Cassie Wilson knows first-hand how important access to transportation is. The 22-year-old lives in Boring, an unincorporated community in Clackamas County. Wilson, who relies on a wheelchair, says she's at the mercy of others with cars to get her places. She wishes it didn't have to be that way.
"Thanks to disability coupled with a lack of transit and sidewalks, I've been completely reliant on someone driving me wherever I need to go," Wilson told a crowd gathered outside the Oregon Department of Transportation offices in downtown Portland in June. "Access to an automobile shouldn't be a prerequisite for participating in society."
It's not that Wilson wants easier access to a car. She'd rather not rely on one at all.
"ODOT's priorities are basically saying, 'you're not welcome if you don't own a car or can't drive," Wilson said. Wilson was one of roughly two dozen young activists with youth-based climate activism group Sunrise PDX, who rallied outside ODOT's Portland office to oppose the planned I-5 Rose Quarter expansion project. The project would see the widening of the interstate in Portland's Albina neighborhood.
The protests are part of a groundswell of opposition to the project. While activists want the project scrapped, others, like members of the Portland Public Schools Board, want to see freeway caps included and nearby Harriet Tubman Middle School rebuilt in a new location, with state funds.
Outcry over the project appears to have paid off. In August, Gov. Kate Brown signed on to a "win-win" proposal that would build longer and sturdier highway caps that could support three-story buildings, OPB reported.
The caps would cover 4.11 acres of the interstate, activating a total of nearly eight acres for new development, ODOT planning documents for the so-called hybrid 3 proposal show. The total cost for the caps is roughly $1.1 billion, an overwhelming share of the total $1.25 billion projected price tag.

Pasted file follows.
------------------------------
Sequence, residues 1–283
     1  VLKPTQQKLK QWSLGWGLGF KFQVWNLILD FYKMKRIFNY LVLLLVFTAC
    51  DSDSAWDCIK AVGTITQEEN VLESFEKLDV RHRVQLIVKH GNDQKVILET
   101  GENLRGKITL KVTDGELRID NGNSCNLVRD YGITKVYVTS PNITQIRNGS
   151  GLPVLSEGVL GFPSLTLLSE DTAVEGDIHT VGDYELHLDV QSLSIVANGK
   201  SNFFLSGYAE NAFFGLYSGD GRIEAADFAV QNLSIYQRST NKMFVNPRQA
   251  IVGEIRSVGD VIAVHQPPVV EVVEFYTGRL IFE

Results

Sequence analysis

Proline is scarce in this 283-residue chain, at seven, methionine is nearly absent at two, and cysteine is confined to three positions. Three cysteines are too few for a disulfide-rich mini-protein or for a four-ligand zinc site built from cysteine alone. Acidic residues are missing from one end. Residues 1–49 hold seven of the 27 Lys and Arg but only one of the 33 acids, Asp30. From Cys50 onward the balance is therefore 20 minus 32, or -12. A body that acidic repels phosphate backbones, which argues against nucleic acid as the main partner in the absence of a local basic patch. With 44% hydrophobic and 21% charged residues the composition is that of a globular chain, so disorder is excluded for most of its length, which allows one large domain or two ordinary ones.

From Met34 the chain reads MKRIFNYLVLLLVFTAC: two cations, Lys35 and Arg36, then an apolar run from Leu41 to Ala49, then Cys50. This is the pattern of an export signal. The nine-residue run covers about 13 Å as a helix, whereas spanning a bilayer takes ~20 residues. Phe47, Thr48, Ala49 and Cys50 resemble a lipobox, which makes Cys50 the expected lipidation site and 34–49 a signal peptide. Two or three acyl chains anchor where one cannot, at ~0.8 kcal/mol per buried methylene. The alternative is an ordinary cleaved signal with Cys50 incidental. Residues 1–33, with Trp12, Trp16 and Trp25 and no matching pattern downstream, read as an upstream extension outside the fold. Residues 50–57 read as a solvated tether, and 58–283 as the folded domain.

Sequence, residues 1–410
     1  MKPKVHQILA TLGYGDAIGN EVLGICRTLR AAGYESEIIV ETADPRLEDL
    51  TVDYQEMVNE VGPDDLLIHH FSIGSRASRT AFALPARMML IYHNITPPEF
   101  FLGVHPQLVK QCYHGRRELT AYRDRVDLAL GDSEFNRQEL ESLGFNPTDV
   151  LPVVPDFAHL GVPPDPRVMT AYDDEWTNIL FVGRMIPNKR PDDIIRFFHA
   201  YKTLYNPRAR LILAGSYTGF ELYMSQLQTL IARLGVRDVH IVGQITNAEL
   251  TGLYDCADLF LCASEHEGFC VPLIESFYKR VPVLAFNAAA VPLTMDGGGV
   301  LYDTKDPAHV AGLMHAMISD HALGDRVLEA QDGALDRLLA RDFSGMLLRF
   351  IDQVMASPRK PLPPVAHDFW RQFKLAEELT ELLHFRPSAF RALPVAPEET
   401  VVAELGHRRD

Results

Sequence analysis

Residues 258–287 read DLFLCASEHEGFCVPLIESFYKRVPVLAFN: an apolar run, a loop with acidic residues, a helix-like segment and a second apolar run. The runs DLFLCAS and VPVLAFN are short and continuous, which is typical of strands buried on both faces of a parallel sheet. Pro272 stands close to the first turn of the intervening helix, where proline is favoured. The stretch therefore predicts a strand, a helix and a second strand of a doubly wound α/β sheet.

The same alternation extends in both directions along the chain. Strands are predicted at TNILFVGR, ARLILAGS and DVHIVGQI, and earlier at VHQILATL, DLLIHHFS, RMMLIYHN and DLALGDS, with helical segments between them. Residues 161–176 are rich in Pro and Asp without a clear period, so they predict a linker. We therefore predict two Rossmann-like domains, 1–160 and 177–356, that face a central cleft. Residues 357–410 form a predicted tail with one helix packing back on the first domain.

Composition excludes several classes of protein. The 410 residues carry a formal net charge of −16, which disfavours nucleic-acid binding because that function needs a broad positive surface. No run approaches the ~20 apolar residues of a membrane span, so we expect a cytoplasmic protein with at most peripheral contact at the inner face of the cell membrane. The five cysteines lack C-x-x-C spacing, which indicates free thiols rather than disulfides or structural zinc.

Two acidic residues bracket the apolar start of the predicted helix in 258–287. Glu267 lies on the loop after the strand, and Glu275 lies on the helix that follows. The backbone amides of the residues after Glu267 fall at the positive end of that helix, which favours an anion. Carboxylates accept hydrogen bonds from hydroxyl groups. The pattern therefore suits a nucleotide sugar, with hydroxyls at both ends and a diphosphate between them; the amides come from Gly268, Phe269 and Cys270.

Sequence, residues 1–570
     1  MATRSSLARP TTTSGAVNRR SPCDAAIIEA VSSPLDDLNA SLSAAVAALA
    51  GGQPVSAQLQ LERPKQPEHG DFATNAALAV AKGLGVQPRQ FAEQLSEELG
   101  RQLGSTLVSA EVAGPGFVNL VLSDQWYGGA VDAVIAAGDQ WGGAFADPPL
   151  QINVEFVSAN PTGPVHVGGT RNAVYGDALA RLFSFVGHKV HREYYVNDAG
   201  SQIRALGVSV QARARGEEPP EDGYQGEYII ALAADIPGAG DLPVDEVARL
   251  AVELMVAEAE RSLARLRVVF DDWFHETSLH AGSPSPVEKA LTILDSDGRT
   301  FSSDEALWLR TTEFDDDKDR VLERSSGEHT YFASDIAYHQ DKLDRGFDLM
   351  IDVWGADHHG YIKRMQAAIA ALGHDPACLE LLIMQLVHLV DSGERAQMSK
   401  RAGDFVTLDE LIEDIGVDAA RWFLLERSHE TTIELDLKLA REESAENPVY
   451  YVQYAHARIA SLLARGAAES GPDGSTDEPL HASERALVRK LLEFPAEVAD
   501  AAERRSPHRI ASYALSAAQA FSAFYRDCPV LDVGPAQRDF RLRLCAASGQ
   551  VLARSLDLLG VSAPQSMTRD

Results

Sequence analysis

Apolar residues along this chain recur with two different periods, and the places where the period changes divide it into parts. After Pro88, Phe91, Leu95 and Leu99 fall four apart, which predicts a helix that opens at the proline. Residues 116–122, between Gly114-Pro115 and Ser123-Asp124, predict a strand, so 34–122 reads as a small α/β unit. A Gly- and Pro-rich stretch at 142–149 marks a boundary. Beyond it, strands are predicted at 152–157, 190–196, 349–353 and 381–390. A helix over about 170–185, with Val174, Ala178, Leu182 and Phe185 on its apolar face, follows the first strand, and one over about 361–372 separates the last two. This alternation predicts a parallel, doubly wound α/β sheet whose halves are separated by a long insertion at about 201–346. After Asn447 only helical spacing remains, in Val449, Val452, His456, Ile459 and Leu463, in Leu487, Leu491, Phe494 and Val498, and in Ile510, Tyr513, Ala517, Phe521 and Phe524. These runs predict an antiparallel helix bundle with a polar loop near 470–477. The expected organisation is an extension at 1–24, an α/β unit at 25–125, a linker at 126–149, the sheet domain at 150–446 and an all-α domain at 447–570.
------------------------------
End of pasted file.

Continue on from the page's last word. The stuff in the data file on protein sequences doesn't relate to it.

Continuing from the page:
Activists have reacted to the news with cautious optimism, calling Gov. Brown's decision a significant improvement over the original 2019 proposal.
"Of course, it is not necessary to widen I-5 through the heart of the historic Black neighborhood in order to cover the freeway," said Chris Smith, co-founder of No More Freeways. "We will continue to push for a full Environmental Impact Statement in the courts and other venues to ensure ODOT is held accountable for the impacts this proposed expansion will have on our community's lungs and our warming planet."
Rallies have added pressure for months
The youth-led rally in June was one of several, recurring demonstrations, called climate strikes organized by Sunrise PDX. The group has gotten support from Neighbors for Clean Air--an anti-pollution-focused advocacy group. The climate activists want the state transit agency to do a deeper environmental assessment of the freeway project, or better yet, do away with it altogether.
The youth-focused rally in June came just three days prior to a record-breaking deadly heat wave that blanketed much of Oregon.
"This is not the time to invest in fossil fuel infrastructure, said Micah Barton, a 22-year-old Portlander and organizer with Neighbors for Clean Air. Barton said Portland residents have access to mass transit and one of the country's most bike-friendly cities.